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Personalized bioinformatics for global cancer susceptibility identification and clinical management

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Personalised bioinformatics for cancer

Nearly three million people are diagnosed with cancer in the European Union every year, rendering cancer the most common cause of death. European researchers propose to address the global increase in cancer burden through early detection and treatment.


Several global initiatives such as the Cancer Genome Atlas and the International Cancer Genome Consortium have successfully characterised the genomes of thousands of cases of the most common cancer types. This analysis has provided a mutational landscape of human cancer, offering important biological and clinical insights. Importantly, the generated knowledge has immediate translational impact in the diagnosis, monitoring and treatment of cancer. The EU-funded PanCanRisk project aimed to make use of the extensive genomic cancer data available nowadays to enhance the search for novel susceptibility genes. As the project fellow Dr Ceres Fernandez-Rozadilla explains “PanCanRisk is centred on the idea of cancer as a disease that has very specific molecular features, irrespective of the location where it arises. Thus, it is plausible to hypothesise that genetic susceptibility is common between different types of cancer.″ Pan-cancer analyses The PanCanRisk consortium combined expertise in bioinformatics, statistics, experimental and clinical science. Partners developed bioinformatics tools to exploit available large-scale cancer datasets to discover novel genetic variants and genes implicated in cancer susceptibility. These have been extensively validated in two further independent cohorts and, following sound functional analyses, they seem to be implicated in disease development. One of the highlights of the project is the eDiVa pipeline which incorporates a disease knowledge database with several new prediction and quality control tools. In an era where genomic information has become day-to-day practice for clinicians, eDiVa can be used to support them in diagnosis, decision-making and treatment choice by helping them interpret genomic information more efficiently. eDiVa is distributed under an open source license for genomic-based cancer risk assessment in a clinical setting. The immediate translational impact of PanCanRisk One of the main aims of the project was devoted to creating better diagnostic tools towards better screening programmes and personalised medicine approaches. “We have been successful in identifying and functionally validating two genes that modulate the risk of developing both breast and colorectal cancers. We have also designed a panel of circulatory biomarkers that can help detect and hence, diagnose some types of cancer sooner,″ continues Dr Fernandez-Rozadilla. These findings are of extreme importance for risk prediction as carriers of pathogenic variants in these genes will have a considerable risk of developing breast and/or colorectal cancers. With regards to the circulatory biomarkers, these could be potentially used to complement current screening strategies to increase our power to detect early cancer cases, which have a better prognosis. The PanCanRisk project has provided unprecedented knowledge on cancer risk. The generated platform harnesses the diagnostic power of genome sequencing in everyday clinical practice with immediate benefits in patient classification, monitoring and therapeutic interventions. PanCanRisk strategies could be extended to drug sensitivity evaluation and pharmacogenomics that will undoubtedly improve clinical management of patients. In his view of the future, Dr Fernandez-Rozadilla believes that “the bench-to-bedside component of PanCanRisk alongside its computational approach have the power to change the way cancer risk is assessed in the clinic.″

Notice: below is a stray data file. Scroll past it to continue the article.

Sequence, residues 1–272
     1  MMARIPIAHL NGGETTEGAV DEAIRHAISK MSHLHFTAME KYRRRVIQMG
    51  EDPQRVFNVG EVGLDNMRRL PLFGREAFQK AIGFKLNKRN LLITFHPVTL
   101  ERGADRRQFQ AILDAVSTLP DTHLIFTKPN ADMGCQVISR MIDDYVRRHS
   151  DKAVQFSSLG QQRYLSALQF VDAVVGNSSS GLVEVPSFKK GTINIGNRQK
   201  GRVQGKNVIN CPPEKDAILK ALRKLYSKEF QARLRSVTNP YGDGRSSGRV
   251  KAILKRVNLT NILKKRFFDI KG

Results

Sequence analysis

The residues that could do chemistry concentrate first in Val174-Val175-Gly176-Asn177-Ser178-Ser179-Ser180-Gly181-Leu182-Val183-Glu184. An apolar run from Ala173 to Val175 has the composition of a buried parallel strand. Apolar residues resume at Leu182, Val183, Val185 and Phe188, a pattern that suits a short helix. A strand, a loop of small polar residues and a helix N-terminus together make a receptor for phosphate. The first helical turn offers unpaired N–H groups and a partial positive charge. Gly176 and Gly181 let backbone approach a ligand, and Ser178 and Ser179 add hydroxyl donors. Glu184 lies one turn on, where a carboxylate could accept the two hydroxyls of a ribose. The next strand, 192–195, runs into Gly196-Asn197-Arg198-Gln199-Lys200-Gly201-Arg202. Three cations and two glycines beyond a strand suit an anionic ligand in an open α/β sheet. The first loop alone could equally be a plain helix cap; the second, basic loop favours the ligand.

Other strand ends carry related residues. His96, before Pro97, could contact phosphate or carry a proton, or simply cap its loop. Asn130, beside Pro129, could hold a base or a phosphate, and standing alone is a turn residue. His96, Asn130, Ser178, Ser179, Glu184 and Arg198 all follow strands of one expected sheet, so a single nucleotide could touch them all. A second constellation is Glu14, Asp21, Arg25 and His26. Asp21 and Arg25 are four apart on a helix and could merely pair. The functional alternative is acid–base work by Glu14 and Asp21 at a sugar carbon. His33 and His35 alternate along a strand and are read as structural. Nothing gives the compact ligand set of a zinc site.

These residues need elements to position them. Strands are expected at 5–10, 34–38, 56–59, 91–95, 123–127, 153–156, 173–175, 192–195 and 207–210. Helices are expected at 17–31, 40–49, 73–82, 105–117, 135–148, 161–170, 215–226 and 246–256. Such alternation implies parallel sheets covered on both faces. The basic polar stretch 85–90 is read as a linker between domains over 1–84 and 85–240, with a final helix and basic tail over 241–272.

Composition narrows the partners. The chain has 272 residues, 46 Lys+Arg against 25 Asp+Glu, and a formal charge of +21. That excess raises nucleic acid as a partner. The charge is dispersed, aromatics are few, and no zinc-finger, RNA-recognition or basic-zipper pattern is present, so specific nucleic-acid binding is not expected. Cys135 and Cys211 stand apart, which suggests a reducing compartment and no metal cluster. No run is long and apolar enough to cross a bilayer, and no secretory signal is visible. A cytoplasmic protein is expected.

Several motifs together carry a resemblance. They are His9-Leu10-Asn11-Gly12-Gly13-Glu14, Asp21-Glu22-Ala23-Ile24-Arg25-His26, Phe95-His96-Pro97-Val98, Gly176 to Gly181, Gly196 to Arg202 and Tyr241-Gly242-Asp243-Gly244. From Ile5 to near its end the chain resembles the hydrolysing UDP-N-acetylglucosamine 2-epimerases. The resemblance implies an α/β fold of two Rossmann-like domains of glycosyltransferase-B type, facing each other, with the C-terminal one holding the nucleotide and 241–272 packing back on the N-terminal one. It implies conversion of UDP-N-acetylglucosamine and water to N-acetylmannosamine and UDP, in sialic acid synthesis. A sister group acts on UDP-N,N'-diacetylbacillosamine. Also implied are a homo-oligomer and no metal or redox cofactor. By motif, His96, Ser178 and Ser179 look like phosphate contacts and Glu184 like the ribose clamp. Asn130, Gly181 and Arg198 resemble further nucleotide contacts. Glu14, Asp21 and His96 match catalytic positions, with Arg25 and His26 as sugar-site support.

PanCanRisk, cancer, risk, genomic, bioinformatics, biomarker

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